EU members OK lower roaming fees

Consumers claimed a victory as EU governments agreed to cut the cost of using mobile phones abroad, paving the way for a cap on roaming fees to be introduced later this summer, an Associated Press report said.

The report said EU travelers could first notice a difference when they slip over a border in August, their phone will beep, telling them how much a call home will cost.

And when they return, they could see their phone bill cut by up to 70% compared to the last time they phoned friends or family from the beach.

Lawmakers and governments fast-tracked the new rules in a record 10 months despite heavy lobbying from telecom companies worried about losing profits, even though lower rates may also encourage more people to call more often, the Associated Press report said.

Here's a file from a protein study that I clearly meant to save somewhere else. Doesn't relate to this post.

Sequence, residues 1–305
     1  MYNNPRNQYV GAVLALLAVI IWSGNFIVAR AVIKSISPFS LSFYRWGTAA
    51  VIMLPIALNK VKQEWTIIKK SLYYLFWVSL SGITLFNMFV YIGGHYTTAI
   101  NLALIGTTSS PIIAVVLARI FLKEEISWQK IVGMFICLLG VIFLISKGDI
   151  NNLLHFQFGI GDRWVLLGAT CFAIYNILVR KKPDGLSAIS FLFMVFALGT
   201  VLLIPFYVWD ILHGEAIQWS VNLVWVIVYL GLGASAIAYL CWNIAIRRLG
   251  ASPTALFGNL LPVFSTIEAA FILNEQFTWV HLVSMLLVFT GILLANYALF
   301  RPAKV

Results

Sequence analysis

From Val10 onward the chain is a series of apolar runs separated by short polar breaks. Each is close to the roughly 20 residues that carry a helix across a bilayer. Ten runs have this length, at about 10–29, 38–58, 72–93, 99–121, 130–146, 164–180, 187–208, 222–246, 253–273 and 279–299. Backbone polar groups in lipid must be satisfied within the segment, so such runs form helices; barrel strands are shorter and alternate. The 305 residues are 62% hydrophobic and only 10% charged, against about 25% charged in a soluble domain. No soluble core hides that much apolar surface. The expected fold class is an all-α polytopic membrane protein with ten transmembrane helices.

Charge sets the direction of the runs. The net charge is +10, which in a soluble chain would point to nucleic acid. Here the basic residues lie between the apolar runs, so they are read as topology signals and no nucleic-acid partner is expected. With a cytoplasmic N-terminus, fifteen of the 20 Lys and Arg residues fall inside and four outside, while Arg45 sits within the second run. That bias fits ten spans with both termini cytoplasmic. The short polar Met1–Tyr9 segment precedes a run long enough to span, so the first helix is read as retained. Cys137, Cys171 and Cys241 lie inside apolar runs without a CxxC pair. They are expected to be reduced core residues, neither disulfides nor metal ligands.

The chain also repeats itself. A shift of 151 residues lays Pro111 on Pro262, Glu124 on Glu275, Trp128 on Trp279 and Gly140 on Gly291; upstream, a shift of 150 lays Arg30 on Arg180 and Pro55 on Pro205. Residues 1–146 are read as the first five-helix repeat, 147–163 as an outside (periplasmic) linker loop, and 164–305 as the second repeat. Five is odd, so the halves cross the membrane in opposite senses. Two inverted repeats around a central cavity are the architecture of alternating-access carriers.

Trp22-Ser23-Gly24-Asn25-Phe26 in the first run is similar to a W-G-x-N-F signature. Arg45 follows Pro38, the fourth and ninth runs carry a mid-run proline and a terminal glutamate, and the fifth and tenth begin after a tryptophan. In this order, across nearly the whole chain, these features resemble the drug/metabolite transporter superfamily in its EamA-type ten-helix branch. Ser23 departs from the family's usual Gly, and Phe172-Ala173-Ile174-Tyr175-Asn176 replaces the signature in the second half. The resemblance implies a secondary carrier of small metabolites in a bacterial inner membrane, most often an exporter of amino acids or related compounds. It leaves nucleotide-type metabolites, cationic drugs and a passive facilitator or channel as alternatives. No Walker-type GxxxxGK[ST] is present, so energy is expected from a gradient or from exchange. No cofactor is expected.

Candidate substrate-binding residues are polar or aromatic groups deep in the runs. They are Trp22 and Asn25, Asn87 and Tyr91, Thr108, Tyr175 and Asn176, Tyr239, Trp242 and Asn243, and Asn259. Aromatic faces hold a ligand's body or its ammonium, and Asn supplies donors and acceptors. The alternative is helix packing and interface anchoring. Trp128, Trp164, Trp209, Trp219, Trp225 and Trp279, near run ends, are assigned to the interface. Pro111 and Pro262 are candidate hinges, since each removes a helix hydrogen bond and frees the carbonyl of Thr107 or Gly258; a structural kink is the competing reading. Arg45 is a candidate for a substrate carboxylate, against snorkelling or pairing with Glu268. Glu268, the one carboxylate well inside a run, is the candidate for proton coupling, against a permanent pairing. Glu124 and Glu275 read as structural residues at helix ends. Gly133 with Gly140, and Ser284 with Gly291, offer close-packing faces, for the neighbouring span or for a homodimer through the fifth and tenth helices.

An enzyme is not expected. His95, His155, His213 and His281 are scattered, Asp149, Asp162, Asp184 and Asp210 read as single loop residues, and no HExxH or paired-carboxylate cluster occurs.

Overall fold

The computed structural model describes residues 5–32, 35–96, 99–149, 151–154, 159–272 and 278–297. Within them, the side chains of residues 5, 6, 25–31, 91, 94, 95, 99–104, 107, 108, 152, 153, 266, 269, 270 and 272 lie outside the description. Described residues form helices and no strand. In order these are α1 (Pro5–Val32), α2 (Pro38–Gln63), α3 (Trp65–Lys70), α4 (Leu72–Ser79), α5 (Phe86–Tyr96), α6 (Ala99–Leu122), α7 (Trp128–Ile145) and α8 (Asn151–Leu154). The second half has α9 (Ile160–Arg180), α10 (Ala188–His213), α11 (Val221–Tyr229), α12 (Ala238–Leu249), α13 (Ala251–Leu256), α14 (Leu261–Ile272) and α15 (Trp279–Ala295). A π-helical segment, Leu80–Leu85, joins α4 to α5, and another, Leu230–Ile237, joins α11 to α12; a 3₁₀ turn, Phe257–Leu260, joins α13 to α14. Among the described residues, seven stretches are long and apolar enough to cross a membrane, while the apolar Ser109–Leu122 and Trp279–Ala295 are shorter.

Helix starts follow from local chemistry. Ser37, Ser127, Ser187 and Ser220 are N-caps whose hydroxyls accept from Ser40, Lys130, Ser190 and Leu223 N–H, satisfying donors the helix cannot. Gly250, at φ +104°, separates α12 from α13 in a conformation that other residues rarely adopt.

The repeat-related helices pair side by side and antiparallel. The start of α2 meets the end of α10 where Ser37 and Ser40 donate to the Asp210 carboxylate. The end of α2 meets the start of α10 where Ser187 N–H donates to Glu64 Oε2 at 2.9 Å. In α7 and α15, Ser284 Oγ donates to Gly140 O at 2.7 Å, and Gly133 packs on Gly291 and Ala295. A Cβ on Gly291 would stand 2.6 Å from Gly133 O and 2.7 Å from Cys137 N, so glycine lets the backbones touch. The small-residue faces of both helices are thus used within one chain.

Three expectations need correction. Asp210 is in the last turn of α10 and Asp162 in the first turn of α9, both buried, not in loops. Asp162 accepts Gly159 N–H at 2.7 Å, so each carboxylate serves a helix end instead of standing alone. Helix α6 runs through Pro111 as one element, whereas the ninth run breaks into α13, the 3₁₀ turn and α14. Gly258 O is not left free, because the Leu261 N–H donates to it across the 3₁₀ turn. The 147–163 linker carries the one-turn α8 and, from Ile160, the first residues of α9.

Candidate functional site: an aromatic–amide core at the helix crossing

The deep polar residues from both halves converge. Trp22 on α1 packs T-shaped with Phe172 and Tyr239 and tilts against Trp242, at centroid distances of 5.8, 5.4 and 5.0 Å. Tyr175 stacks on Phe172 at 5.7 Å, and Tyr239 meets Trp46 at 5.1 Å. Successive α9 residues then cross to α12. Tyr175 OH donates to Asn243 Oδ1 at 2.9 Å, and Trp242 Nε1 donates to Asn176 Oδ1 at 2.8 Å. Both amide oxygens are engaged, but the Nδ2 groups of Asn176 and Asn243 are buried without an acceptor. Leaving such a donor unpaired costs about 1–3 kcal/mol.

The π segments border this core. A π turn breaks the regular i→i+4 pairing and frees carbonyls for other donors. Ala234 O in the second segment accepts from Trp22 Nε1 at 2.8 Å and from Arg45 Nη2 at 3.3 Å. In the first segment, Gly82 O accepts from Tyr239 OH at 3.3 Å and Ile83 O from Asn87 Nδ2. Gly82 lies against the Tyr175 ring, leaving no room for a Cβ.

The prospect of pleasing voters won over 14 EU nations that had opposed the law last December and that all 27 voted for it, the report said.

But the telecom industry reacted with dismay, saying retail price regulation had no place in a free-market society, the report said.

It has warned that lower roaming revenues could hurt future investment and force companies to raise fees in other sectors, such as for domestic calls.

The Associated Press report quoted Ovum telecom analyst Matthew Howett as saying that companies had softened the blow by arguing for a clause that gives customers two months to opt for the new cap.

And they may eventually gain as more people feel more free to use their phones abroad, the report said.